Should I be scared of flying?

Going places: Mortality rates for modes of transport vary widely across countries.

It has been 10 years since the “Miracle on the Hudson”, when a pilot successfully landed his plane on New York’s famous river after it lost power. The fear of flying is very common, but is it rational?

  • What happened?

    Ten years ago, Captain Chesley “Sully” Sullenberger saved the lives of all of his passengers when he crash-landed into the Hudson river in New York. Ever since, it has been referred to as the “Miracle on the Hudson”.

  • What caused the crash?

    Both of the plane’s engines failed after a flock of birds flew into the aircraft as it was taking off from New York’s LaGuardia airport, bound for North Carolina. Realising he would not be able to make it back to the runway, Sully took the decision to land on the river.

  • Is a fear of flying rational?

    In a sense, no. Flying is very safe. Nobody died on a commercial jet in 2017. In contrast, around 1.25 million people around the world perish in road accidents every year. Yet fear of flying is widespread — it affects between one-twentieth and one-third of people, depending on who you ask. Even pilots get it.

  • Why?

    Put simply: humans are not fully rational. A combination of genetic and environmental factors can leave us with a phobia. A major environmental driver of fear of flying, or aviophobia, is the way plane crashes are reported. These rare accidents always make headlines, accompanied by dramatic images of smoking wreckage, which link flying with death in people’s minds. Plane disappearances generate even more news.

    Ironically, one academic estimated that the 9/11 attacks caused 1,565 road deaths, as many Americans temporarily avoided flights and drove instead.

  • Any other factors?

    Of course. Humans are not birds, and the awareness of being very high above the ground may make some uneasy. The cabin’s cramped space can trigger claustrophobia. What’s more, passengers have to surrender complete control over their fate to strangers. Then there is the fact that, should something go wrong, death is highly probable, yet likely to come after an awful delay.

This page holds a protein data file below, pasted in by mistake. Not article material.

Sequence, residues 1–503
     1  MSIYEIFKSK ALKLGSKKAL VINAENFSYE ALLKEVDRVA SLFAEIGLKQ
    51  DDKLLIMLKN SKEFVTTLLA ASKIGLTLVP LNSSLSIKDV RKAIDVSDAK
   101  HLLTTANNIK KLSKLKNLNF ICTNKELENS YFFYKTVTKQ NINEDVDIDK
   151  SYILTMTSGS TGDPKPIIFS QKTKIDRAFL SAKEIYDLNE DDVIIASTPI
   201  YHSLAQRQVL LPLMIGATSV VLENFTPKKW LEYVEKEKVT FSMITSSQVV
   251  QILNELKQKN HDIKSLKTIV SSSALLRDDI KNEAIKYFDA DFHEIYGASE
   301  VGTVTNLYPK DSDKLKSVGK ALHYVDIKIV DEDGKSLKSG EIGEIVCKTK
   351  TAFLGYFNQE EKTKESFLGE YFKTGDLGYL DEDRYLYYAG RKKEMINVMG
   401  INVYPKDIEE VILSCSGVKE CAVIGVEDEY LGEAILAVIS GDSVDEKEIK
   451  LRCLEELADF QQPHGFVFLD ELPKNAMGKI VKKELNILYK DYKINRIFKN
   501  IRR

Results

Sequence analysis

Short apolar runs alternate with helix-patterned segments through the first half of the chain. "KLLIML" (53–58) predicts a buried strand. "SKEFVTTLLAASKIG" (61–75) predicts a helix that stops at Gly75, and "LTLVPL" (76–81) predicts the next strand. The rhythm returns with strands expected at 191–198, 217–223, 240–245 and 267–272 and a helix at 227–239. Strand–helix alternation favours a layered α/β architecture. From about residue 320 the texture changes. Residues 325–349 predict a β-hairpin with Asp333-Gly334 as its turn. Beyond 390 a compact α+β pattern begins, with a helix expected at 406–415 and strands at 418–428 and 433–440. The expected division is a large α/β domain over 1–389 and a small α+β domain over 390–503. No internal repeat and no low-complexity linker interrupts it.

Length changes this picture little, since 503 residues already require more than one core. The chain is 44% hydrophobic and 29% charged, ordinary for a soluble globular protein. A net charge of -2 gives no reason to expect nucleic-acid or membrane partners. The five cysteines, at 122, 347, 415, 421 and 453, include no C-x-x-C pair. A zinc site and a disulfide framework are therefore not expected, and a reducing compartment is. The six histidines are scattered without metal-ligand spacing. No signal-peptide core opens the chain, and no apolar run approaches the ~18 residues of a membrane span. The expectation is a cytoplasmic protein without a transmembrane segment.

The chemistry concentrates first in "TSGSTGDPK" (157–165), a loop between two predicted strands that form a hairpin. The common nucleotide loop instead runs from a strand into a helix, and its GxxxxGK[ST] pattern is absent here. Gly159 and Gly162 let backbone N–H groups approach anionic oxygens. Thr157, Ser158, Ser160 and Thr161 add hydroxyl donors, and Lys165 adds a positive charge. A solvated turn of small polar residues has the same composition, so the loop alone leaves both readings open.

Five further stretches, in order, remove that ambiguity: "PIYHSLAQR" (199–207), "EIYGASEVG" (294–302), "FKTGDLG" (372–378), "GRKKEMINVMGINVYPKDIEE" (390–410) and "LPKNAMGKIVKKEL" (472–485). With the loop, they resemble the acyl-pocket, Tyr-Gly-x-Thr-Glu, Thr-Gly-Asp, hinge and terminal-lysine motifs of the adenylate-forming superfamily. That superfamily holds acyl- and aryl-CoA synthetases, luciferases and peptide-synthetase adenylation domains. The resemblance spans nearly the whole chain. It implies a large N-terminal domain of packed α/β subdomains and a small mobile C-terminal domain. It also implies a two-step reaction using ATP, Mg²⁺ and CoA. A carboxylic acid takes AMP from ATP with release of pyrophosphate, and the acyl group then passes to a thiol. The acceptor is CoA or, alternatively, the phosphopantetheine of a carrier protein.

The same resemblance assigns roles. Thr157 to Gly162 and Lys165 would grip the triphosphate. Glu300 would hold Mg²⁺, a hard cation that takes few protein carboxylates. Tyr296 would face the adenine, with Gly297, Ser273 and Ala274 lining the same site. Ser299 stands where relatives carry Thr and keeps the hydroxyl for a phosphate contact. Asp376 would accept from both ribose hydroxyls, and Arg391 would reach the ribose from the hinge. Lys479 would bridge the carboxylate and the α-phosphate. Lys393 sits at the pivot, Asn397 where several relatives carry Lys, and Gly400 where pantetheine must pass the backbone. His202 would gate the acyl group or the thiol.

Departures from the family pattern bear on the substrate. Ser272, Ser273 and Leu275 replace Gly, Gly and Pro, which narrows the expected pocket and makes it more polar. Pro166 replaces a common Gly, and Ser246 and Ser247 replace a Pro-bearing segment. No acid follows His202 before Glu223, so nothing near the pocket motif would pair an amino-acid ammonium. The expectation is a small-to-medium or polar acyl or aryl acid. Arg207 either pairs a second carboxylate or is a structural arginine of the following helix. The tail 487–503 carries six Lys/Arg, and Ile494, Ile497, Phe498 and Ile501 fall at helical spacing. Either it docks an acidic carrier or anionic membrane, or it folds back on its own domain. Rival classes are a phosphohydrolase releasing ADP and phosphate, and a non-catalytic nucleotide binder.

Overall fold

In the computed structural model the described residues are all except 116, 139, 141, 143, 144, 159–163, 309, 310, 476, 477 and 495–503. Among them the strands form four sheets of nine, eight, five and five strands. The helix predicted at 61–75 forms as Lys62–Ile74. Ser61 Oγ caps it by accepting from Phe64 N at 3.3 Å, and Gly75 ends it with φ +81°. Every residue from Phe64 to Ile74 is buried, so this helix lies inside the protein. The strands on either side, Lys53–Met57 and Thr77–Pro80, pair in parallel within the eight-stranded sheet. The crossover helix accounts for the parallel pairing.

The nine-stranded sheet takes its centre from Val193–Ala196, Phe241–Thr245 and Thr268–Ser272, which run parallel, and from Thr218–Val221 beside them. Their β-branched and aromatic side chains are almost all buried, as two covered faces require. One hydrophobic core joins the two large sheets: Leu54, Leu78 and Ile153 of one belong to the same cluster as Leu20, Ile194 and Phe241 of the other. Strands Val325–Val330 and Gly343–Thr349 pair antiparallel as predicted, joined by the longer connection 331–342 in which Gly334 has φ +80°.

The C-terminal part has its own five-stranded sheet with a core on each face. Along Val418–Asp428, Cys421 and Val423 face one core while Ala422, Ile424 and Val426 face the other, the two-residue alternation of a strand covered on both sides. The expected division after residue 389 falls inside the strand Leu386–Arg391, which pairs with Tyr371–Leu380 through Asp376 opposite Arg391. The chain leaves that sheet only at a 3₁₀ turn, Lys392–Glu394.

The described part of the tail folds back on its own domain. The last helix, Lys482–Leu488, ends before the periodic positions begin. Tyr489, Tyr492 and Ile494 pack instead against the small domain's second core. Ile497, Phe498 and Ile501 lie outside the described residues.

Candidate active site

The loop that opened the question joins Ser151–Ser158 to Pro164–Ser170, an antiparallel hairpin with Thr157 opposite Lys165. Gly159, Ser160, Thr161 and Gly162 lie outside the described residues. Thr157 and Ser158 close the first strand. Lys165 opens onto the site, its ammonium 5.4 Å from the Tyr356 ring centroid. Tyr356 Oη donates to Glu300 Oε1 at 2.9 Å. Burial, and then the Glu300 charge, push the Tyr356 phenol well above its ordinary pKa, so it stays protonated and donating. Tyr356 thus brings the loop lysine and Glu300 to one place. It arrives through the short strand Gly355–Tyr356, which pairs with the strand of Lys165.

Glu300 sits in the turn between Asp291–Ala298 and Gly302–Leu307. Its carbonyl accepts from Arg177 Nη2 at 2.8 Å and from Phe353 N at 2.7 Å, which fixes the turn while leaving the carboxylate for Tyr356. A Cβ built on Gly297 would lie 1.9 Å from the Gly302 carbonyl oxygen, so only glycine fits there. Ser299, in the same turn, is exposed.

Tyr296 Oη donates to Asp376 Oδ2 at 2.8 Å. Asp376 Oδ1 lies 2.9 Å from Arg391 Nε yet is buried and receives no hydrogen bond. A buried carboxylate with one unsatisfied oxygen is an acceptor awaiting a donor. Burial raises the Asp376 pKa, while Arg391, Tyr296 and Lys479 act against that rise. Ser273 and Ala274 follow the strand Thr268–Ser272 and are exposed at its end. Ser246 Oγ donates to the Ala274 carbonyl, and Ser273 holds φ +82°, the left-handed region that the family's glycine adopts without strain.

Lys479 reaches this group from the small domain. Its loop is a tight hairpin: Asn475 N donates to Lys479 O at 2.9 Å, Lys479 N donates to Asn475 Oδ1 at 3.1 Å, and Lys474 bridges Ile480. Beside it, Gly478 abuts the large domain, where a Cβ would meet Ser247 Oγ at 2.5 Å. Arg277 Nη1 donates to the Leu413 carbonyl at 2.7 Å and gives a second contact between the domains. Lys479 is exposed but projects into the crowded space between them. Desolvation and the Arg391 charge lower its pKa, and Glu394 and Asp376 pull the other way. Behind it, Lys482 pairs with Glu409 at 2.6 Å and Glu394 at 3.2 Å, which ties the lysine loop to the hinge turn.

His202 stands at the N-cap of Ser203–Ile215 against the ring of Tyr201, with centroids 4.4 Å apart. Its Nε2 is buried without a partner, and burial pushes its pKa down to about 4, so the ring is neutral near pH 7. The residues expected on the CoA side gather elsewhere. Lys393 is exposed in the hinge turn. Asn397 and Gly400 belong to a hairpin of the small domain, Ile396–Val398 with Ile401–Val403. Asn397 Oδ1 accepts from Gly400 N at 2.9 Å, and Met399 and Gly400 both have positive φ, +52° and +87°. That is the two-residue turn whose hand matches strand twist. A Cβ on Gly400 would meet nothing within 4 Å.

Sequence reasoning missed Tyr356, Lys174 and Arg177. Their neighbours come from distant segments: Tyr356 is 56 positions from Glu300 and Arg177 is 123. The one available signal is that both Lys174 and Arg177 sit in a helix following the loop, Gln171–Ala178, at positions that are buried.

• I’m scared of flying. What can I do?

    There are various coping strategies. Some medicate: they take anti-anxiety pills, sleeping tablets or just a glass of wine. Others meditate: apps that lead users through soothing breathing exercises are popular. Airlines suggest some simple measures, like asking the crew for reassurance or sitting near the wing (where turbulence is less noticeable).

  • What if that doesn’t work?

    Fear of flying is often fuelled by a lack of understanding about aviation. Airlines offer short courses that explain how planes work and dispel myths about flying; Virgin Atlantic claims a 98% success rate. Very nervous fliers can seek treatment, such as cognitive behavioural therapy or hypnosis. Some therapists now use virtual reality headsets to send their patients on a simulated flight.

    Others take more unusual approaches. After surviving a harrowing plane accident, one American businessman confronted his anxiety by learning to fly.

  • Why are plane crashes so rare?

    The aviation industry is very strictly regulated. Planes contain more engines than they need, in case one fails. They are equipped with sophisticated technology that detects dangerous weather and other planes, enabling the pilots to steer clear. Those pilots are highly trained, and always work in pairs. Aircraft undergo very rigorous safety tests to ensure they can handle anything they might encounter in the sky.

  • So is it wrong to be scared of flying?

    Phobias are common, and nothing to be ashamed of. If you have a fear of going airborne, remember that there are many things you can do about it.

You Decide

  1. Should the media stop reporting plane crashes?

Activities

  1. You have been asked to interview a pilot. Come up with 10 questions for them.

Subjects

Word Watch

1.25 million
According to the World Health Organization.
One academic
Psychologist Gerd Gigerenzer of the Max Planck Institute for Human Development.
Apps
A popular example is Headspace, which helps users to achieve a state of mindfulness and calmly accept their feelings.
Myths
For example, contrary to what many believe, lightning almost never causes major damage to aircraft.
Cognitive behavioural therapy
A form of therapy that involves only talking. The therapist helps the patient to identify the individual thoughts behind their major problems, and to learn to cope with each of them in turn.

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Should I be scared of flying?
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